In the opening frame tale of "Prince Five Weapons" the Buddha counsels an errant monk: "Are you a backslider?" he questioned. "Yes, Blessed One." confesses the monk, who had given up discipline. Then Buddha tells the story of his past life: A Prince was born to a great king. The Queen, seeking a name for him asked of 800 Brahmins for a name. Then she learned that the King would soon die and the baby Prince would become a great king, conquering with the aid of the Five Weapons. Sent to Afghanistan for martial arts training in the Five Weapons, on his return he encounters a great demon named "Hairy Grip" with an adhesive hide to which all weapons stick fast. the Prince uses his poison arrows, but they only stick to his hairy-sticky hide. He uses his sword, spear, and club but all stick uselessly. Then he uses his two fists, his two feet and finally butts him with his head, all of which stick uselessly to the hide. Finally, hopelessly stuck to the the monster, the demon asks if he is afraid to die. The Prince answers that he has a fifth weapon, that of Knowledge which he bears within him, and that if the monster devours him the monster will be punished in future lives and the Prince himself will attain future glories. The monster is taken aback by the spirit of the Prince and, becoming a convert to Buddhism releases him, after which the Prince fulfills his destiny of becoming a great King, and in a later life, the Buddha. Thereby, the backslider is counseled to persevere and end his backsliding, with the moral: "With no attachment, all things are possible."


Joel Chandler Harris (1848-1908) was born in Ante-Bellum Georgia, worked as a reporter and writer and like the Brothers Grimm and Scott collected folk tales by talking with the African slaves working on the Southern plantations, publishing them most famously as the "Uncle Remus" tales of Brer Fox and Brer Rabbit, told by an old and wise slave to the young son of the master of the plantation. Like the Amerindian "Trickster" tales or the cartoon series the "Roadrunner and the Coyote," or "Bugs Bunny" they often focus on how the smart and wily Brer Rabbit outthinks and tricks Brer Fox who constantly seeks to catch and eat him. The most famous of these stories is that of "The Tar Baby" in which Brer Fox covers a life-like manniquin in sticky tar and puts it in Brer Rabbit's path. The rabbit becomes angry that the Tar Baby will not answer his questions and losing his temper strikes him, causing his hand to stick fast. Then in turn he hits, kicks and head butts him until his whole body is stuck fast to the "Tar Baby." The secret of how Brer Rabbit escapes is deferred by the sagacious storyteller Uncle Remus "until the next episode."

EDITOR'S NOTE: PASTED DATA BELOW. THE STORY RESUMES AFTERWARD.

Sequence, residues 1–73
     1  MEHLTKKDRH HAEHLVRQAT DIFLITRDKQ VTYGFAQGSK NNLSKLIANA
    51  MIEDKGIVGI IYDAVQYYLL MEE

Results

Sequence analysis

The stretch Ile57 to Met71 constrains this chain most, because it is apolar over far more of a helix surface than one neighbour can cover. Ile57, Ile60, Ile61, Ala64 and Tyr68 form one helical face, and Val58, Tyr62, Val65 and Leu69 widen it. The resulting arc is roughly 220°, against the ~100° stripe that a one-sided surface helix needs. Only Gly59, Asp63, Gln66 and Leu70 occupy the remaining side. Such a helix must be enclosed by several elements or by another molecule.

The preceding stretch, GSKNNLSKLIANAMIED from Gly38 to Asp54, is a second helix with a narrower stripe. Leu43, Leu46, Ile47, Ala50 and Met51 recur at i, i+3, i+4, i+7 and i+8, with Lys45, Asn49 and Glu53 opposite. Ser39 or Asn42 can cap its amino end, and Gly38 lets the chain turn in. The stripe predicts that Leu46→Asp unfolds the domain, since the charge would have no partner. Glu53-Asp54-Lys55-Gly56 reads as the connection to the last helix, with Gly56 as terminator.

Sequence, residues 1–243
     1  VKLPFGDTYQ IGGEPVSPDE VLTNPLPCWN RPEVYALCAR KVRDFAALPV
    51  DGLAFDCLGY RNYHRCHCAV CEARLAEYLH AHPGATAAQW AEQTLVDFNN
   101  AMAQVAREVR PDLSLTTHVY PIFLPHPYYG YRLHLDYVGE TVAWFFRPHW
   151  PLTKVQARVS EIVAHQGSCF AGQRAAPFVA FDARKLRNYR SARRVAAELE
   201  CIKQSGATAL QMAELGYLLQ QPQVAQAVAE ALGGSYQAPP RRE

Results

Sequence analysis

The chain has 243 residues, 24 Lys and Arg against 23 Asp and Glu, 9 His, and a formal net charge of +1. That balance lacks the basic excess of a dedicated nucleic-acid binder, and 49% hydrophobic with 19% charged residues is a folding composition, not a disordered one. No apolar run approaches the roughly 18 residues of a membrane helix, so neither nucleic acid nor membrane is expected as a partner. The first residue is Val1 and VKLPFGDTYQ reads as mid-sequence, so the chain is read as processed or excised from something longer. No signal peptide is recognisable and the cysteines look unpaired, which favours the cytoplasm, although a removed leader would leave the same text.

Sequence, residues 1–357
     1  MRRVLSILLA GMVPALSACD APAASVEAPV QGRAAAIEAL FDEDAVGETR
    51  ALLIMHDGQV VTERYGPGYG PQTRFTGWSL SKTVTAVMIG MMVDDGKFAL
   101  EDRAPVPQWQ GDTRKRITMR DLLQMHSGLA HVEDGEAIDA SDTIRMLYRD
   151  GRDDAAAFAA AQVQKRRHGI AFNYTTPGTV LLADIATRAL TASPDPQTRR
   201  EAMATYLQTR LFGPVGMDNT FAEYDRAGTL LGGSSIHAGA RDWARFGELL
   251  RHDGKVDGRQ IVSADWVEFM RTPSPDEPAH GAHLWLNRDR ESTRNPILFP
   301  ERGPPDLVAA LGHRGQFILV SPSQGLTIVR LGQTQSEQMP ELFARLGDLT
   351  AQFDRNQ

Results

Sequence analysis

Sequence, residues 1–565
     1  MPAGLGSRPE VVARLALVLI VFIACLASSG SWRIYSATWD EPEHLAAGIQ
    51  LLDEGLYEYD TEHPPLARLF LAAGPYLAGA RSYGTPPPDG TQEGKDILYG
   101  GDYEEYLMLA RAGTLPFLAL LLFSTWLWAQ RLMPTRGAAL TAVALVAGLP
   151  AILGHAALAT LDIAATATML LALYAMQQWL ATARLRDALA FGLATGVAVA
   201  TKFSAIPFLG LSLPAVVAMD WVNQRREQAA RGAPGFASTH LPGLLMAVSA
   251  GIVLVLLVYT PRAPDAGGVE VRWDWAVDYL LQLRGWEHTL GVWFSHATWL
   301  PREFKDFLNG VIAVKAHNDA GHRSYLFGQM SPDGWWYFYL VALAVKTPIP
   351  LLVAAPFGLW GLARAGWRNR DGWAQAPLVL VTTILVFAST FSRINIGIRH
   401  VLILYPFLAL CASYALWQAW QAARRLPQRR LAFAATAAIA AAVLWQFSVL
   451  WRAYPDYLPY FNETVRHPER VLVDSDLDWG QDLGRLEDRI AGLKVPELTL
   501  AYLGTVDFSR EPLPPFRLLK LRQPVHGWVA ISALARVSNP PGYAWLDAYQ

Scholars, discovering the similarity of the "Tar Baby" story with the Pali Jataka story of "Prince Five Weapons" debated whether the story had travelled across the world and centuries in the most astonishing way or was simply independently invented in two places. These two competing theories, "Monogenesis and Diffusion" vs "Polygenesis" remain competing explanations. Further research documented how the Pali Jataka had, like the "Panchatantra" been translated into Persian, then Arabic, then into African dialects in Muslim-influenced West Africa, where many American slaves hailed from. Polygenesis Theory also gained some competing support from C.G. Jung's theory of "Archetypes" and the "Universal Collective Unconscious" which would provide a psychological force and source for the continuous regeneration of similar stories and dreams throughout the world. The two theories continue to compete and complement each other as explanations of cultural diffusion and similiarity.